Is the moment of truth approaching for Brexit talks?

Michel Barnier and Donald Tusk Image copyright EPA
Image caption The EU's top Brexit officials are increasing the pressure on the UK

The "moment of truth" is approaching - so says the EU's top man around the negotiation table.

Negotiations have plenty of false summits, and indeed sometimes manufactured drama; what better to force one side's hand than a threat of an irrecoverable bust-up if they don't budge?

For the "moment of truth" to come next week needs someone to change their mind. Right now the two sides in this negotiation are using different logic. And what happens to the Irish border is the problem that neither the UK nor the EU seem ready yet to crack.

And there is a long list of reasons why...

1. Theresa May says the UK is leaving the customs union as well as the single market.

2. That implies some kind of border between the North and South of Ireland - however "frictionless", however light touch, if they have different customs regimes on either side there has to be a way of at least theoretically being able to check what is moving backwards and forwards across the country line.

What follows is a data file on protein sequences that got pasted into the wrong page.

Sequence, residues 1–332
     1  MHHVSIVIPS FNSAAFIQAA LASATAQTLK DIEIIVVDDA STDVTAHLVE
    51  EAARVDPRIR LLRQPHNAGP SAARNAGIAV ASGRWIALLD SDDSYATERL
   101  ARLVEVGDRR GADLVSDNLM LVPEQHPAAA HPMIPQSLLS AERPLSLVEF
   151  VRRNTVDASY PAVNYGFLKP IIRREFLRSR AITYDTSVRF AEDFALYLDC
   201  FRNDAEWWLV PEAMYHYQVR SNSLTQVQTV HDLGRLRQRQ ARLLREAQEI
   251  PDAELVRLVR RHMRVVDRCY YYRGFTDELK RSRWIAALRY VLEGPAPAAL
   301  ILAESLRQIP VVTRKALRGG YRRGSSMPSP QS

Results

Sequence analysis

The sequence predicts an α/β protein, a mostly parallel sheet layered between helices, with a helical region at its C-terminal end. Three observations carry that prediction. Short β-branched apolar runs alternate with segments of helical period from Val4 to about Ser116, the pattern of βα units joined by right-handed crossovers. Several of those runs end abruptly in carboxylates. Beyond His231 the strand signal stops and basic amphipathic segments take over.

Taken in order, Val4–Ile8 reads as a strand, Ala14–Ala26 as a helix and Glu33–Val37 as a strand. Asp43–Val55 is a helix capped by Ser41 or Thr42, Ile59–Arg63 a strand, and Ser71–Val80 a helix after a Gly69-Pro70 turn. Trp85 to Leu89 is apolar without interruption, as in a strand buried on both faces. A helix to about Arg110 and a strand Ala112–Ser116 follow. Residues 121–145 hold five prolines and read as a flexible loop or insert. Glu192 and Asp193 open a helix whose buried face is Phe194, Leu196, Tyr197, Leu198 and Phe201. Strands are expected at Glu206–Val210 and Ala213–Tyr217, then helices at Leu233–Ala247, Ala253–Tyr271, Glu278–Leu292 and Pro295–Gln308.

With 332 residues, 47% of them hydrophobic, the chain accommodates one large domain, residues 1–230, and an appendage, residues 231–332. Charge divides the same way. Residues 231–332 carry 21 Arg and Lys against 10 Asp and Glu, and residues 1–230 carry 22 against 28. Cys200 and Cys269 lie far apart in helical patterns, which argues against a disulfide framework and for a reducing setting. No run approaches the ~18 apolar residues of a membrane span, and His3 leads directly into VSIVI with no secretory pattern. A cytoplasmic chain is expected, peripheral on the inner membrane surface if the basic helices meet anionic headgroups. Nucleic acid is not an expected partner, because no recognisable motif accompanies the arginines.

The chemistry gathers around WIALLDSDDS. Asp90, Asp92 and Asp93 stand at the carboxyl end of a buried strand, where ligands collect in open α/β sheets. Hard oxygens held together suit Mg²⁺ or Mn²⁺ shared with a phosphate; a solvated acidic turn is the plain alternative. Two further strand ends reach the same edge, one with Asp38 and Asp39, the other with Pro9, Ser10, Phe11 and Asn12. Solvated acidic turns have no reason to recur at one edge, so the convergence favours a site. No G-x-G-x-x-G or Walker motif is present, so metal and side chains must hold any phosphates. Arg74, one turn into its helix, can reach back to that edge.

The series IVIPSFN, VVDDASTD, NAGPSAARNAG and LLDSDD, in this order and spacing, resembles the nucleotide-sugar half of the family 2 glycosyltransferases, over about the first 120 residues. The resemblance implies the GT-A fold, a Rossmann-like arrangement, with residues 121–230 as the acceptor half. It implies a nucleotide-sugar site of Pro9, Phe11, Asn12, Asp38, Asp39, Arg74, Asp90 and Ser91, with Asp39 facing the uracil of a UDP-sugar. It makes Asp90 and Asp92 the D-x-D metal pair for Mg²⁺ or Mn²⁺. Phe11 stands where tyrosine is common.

3. The UK does not want a "hard border", anything with lots of checkpoints, let alone walls or border fences - the history of the island makes that politically unacceptable.

4. Ireland does not want a 'hard border' either.


5. The UK is adamant it will not settle this issue before entering the next phase of the talks that will discuss customs arrangements.

6. Ireland wants a written guarantee, a firm undertaking that there won't be a hard border before they are ready to move on to that phase.

7. Ireland can, in theory, kybosh the talks on their own if they are not satisfied with the UK's answer in the next week. And with their own government wobbling, there is a risk all this gets caught up in Ireland's messy politics.

8. Officials in the two countries had been discussing possible solutions but sources suggest that has stalled.

9. The DUP, who Theresa May relies on in Parliament, is adamant that Northern Ireland must not in any way be differently or less British than the rest of the country.

10. Some Tory Eurosceptics and Labour are waiting to use the potential failure to move on in December as a way to turn up the pressure on the prime minister. In purely political terms it's not in everyone's interest for there to be progress.

For there to be a breakthrough, for that "moment of truth" to come, more than a bit of budging is required.

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